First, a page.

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Deicide: The execution of Jesus:
Who is/was responsible.

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Who is to blame for Jesus' death?

Until the advent of modernism in the late 19th century, essentially all Christian groups accepted the concept of Biblical inerrancy. That is, that the authors of the Hebrew and Christian Scriptures (Old and New Testament) were inspired by God in such a way that their writings were completely free of error. Thus the stories in the Gospels of Mark, Matthew, Luke and John which describe Yeshua's arrest, his trial before the Sanhedrin, the interview before Pilate, death sentence, beating, crucifixion, death, burial, resurrection, appearances before his followers, and ascension upwards to heaven were regarded as precise descriptions of real historical events. If some CNN reporters were able to time-travel back to the early 1st century CE, they would be able to record video of every event exactly as described in the four gospels.

Some key phrases from the gospels' description of Yeshua's trial are helpful in assessing the blame for Jesus' death. There were on the order of 40 Gospels of Jesus'life written, but only four made it into the official canon of the Bible. In their probable chronological order, the five gospels which contain information on Jesus' trial and execution are:

  • Gospel of Mark 15:11 to15:

    "...the chief priests moved the people, that he should rather release Barabbas unto them. And Pilate answered and said again unto them, What will ye then that I shall do unto him whom ye call the King of the Jews? And they cried out again, Crucify him. Then Pilate said unto them, Why, what evil hath he done? And they cried out the more exceedingly, Crucify him. And so Pilate, willing to content the people, released Barabbas unto them, and delivered Jesus, when he had scourged him, to be crucified."

  • Gospel of Matthew 27:20 to 23:

    "The chief priests and the elders persuaded the crowd to ask for Barabbas [to be released] and to have Jesus executed...'What shall I do, then, with Jesus who is called Christ?', Pilate asked. They all answered 'Crucify him.'...they shouted all the louder. 'Crucify him'...Pilate...took water and washed his hands in front of the crowd. 'I am innocent of this man's blood,' he said. 'It is your responsibility!' All the people answered, 'Let his blood be on us and on our children!' "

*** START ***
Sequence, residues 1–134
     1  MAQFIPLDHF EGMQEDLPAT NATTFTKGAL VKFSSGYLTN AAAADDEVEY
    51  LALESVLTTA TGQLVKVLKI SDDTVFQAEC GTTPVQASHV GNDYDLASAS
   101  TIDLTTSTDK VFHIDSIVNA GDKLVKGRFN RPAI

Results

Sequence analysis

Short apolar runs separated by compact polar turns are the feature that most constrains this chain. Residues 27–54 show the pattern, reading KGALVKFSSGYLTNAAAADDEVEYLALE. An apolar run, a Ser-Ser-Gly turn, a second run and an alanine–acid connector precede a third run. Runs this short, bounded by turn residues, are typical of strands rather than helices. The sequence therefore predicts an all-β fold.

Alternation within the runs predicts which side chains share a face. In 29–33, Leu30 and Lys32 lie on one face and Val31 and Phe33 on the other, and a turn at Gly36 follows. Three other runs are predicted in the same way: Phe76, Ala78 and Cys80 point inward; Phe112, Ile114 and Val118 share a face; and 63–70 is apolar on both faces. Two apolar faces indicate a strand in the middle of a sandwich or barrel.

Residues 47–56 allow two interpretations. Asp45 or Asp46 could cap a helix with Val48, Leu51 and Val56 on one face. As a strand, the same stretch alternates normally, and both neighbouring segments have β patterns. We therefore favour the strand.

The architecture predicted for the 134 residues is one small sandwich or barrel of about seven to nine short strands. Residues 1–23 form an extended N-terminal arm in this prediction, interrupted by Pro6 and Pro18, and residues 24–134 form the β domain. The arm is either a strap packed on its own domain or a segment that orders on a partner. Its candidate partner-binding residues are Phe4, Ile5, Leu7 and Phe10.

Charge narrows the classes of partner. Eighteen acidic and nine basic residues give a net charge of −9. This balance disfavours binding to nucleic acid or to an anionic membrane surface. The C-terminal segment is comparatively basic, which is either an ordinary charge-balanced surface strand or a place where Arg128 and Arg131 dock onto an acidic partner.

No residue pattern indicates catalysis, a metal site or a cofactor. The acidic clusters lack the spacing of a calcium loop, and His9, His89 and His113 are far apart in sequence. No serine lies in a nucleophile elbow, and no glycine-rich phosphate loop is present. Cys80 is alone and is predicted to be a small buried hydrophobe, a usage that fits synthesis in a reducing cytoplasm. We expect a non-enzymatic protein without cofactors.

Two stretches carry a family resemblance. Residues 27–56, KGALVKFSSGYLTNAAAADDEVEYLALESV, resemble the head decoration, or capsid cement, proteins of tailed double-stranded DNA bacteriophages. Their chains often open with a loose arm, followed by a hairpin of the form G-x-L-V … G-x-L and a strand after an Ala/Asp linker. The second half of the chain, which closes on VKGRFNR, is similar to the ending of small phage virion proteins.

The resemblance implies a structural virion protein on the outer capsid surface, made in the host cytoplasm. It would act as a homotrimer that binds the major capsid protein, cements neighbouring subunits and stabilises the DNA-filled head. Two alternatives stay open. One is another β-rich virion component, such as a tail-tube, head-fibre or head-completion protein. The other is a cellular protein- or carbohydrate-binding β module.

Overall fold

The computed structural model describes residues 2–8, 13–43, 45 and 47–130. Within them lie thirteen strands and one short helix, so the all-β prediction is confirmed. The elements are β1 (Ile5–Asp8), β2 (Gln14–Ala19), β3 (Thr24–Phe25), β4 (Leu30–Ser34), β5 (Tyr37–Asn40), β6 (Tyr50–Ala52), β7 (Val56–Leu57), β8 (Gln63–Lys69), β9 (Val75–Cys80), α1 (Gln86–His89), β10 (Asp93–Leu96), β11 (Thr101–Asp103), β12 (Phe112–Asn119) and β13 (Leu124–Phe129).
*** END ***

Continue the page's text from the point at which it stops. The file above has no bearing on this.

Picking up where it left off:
• Gospel of Luke 23:18-24:

    "...they cried out all at once, saying, Away with this man, and release unto us Barabbas: (Who for a certain sedition made in the city, and for murder, was cast into prison.) Pilate therefore, willing to release Jesus, spake again to them. But they cried, saying, Crucify him, crucify him. And he said unto them the third time, Why, what evil hath he done? I have found no cause of death in him: I will therefore chastise him, and let him go. And they were instant with loud voices, requiring that he might be crucified. And the voices of them and of the chief priests prevailed. And Pilate gave sentence that it should be as they required."

  • Gospel of John 19:12:

    "From then on, Pilate tried to set Jesus free, but the Jews kept shouting, 'If you let this man go, you are no friend of Caesar...Take him away. 'Crucify him!' " 1

  • Gospel of Peter Fragment 1, Section 1 & 2 This Gospel is unique in that it states that it was Herod the Great who condemned Jesus to be crucified, not Pilate:

    "But of the Jews no man washed his hands, neither did Herod nor any one of his judges: and whereas they would not wash, Pilate rose up. And then Herod the king commanded that the Lord should be taken into their hands, saying unto them: 'All that I commanded you to do unto him, do ye'." 2

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The passage in Matthew has probably been responsible for more deaths of innocent people than any other passage in the Bible -- more even than the Exodus 22:18 injunction to "not suffer a witch to live."  Jewish historian Haim Cohen commented:

"None of the many charges leveled at the Jews...has held so obdurately against them as unassailable proof of guilt and responsibility for the crucifixion as has this exclamation of theirs 'His blood be upon us and our children'." 3